Weakness was expected in this corner but not by those who still insist the economy is strengthening.
Retail sales declined 0.2% in March vs an Econoday consensus reading of 0.0%. Moreover, the Census Bureau revised February from +0.1% to -0.3%, and January from +0.6% to +0.5%.
First-quarter consumer spending is in trouble. Retail sales fell 0.2 percent in March which is under the Econoday consensus for no change. Importantly, February sales are revised sharply lower, to minus 0.3 percent vs an initial gain of 0.1 percent.
Vehicle sales round out the quarter with a 3rd straight sharp decline at minus 1.2 percent. Sales at gasoline stations, due to lower prices, fell 1.0 percent. But when excluding both vehicles and gasoline, sales could only manage — despite sky-high consumer confidence — a second straight 0.1 percent increase.
Other areas of weakness include sporting goods which fell 0.8 percent and furniture stores which were down 0.3 percent. And two special areas of weakness are restaurants which fell 0.6 percent for a second straight decline and building materials which fell 1.5 percent. These last two components are excluded in the control group reading which, boosted by a 2.6 percent gain for electronics & appliances and supported by a 0.3 percent increase for general merchandise, rose an outsized 0.5 percent. But even here, February sales for the control group are revised 3 tenths lower and now stand at minus 0.2 percent.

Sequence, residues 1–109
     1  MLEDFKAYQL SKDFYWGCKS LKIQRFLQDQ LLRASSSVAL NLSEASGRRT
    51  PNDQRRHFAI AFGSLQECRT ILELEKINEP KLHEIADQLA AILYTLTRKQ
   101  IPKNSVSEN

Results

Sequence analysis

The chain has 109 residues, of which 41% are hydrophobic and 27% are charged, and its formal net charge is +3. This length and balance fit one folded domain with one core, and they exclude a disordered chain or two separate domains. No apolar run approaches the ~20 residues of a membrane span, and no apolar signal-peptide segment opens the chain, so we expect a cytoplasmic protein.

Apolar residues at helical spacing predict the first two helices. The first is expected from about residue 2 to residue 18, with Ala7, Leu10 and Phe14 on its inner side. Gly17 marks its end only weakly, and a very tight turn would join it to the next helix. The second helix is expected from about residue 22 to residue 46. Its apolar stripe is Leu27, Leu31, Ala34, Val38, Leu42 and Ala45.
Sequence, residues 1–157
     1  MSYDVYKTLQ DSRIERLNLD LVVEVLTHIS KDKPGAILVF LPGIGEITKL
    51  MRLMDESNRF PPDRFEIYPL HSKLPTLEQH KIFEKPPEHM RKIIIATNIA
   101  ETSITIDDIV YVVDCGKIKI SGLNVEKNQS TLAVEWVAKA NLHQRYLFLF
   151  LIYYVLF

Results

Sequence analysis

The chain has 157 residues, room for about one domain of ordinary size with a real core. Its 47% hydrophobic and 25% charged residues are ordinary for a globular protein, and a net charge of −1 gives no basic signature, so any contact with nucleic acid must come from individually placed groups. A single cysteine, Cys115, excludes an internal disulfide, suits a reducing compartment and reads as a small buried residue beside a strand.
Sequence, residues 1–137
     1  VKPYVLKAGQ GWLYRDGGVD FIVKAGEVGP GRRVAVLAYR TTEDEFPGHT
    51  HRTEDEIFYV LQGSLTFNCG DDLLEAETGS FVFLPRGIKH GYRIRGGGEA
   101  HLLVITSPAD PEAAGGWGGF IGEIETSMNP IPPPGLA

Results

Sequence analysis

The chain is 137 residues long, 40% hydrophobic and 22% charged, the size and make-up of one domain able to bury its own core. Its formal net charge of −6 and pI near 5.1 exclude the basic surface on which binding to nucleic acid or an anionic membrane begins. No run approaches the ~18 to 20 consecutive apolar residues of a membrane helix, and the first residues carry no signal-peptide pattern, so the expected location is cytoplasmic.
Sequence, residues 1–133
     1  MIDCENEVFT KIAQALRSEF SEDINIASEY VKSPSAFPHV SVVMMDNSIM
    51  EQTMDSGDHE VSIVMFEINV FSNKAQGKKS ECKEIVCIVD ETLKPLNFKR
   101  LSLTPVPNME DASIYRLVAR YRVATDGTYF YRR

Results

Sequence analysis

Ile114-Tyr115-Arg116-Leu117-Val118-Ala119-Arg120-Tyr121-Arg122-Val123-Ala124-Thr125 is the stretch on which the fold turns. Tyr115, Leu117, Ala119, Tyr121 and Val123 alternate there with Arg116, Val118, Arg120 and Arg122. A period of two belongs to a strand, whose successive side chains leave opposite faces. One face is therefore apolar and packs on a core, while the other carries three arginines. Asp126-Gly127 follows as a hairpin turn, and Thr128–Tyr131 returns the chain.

There are plenty of bad luck wildcards for March including heavy weather and late tax refunds. But today’s report also scales down what had already been a disappointing February. Total consumer spending (which includes services) came in with only 0.1 percent and 0.2 percent gains in the first two months of the year and today’s February revision points to the same for February’s retail sales component (note also that January retail sales are revised down 1 tenth to a 0.5 percent gain). Consumer spending makes up 70 percent of GDP and today’s results, however much they may raise expectations for a snap back, are certain to lower expectations for the first quarter.
This is likely to be a bigger hit to GDP than the models expect. I will comment further later today. Meanwhile, not the absurd reference to “sky-high consumer confidence”. For discussion of sentiment, please see Econoday Parrot Squawks Again after Sentiment Rebounds to 17-Year High.
Mike “Mish” Shedlock